Sunday, October 01, 2006

Sony/BMG Dips Into the Archives

Puccini: Madama Butterfly: Price, Tucker, Maero; RCA Italiana Orchestra and Chorus, Leinsdorf, cond. (Sony BMG 82876-82622-2)

I haven't been able to hear this on my SACD player yet--which means I don't yet have the full measure of its sonics--but as a regular CD, it's really lovely: richer, with a fuller, less treble-happy balance than the older Living Stereo CD's, and minus some tape hiss. In fact, this is so free of background noise that I'm inclined to suspect that either it was removed via computer--a no-no in my book--or else it just was sourced from higher-level source material lower in hiss. It's also missing the occasional soft electronic click evident in the older transfer, which leads me to lean toward the second scenario: better source.

Even in its regular (redbook) CD format, this set sounds very close in tonal balance and general presentation to my old open-reel tape version, which still comes off best of all, in spite of its obviously higher level of tape hiss and occasional dropout. Ultimately, this one is a trifle short on sparkle and air--the top is very slightly attenuated--meaning if you have the older Living Stereo version, this one doesn't cry out to replace it.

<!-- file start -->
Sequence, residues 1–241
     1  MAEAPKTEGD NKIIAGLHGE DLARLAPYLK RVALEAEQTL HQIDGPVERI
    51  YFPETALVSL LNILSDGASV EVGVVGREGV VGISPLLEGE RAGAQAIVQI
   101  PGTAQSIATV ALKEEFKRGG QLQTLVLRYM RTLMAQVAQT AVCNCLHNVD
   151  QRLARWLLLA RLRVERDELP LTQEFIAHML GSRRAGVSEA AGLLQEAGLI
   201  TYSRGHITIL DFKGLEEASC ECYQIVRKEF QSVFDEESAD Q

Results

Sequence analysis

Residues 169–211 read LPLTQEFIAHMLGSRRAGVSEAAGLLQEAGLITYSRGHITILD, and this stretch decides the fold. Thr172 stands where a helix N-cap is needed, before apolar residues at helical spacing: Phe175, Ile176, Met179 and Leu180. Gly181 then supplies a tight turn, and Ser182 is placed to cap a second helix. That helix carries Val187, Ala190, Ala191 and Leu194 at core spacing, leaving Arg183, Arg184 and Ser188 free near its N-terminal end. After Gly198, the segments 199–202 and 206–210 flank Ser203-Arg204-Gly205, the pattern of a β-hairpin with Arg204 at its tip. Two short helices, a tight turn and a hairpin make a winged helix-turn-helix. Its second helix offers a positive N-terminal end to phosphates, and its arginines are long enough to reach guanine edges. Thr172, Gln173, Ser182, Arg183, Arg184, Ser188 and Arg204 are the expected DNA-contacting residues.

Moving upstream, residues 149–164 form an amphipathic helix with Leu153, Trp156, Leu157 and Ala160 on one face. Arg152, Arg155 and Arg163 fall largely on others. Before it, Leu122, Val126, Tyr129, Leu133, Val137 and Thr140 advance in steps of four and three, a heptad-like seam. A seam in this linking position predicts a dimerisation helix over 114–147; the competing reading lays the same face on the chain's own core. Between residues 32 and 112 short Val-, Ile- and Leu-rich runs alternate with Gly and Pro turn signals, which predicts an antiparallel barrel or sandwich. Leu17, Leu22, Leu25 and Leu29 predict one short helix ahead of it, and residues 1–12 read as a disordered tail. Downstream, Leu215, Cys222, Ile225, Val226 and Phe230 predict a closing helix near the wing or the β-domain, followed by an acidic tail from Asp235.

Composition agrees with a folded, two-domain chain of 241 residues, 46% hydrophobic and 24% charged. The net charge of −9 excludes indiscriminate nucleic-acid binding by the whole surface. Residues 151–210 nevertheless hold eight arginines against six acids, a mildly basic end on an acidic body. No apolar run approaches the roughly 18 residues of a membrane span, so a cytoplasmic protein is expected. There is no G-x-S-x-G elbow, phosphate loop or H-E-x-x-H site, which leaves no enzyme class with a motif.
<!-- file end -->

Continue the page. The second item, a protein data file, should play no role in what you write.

A mild disappointment, though my general preference toward a brighter frequency balance my differ from yours. If it's significantly more impressive in its SACD guise, I'll follow up to that effect.

This is still my favorite Butterfly, BTW, edging out Scotto, Bergonzi, Barbirolli. Price is glorious, and so is Tucker, in spite of the occasional corny over-emphasis. This was the recording that made me an opera fan. And had, say, Merrill been engaged in place of the barely adequate Philip Maero (Sharpless), its critical reception might well have been even greater.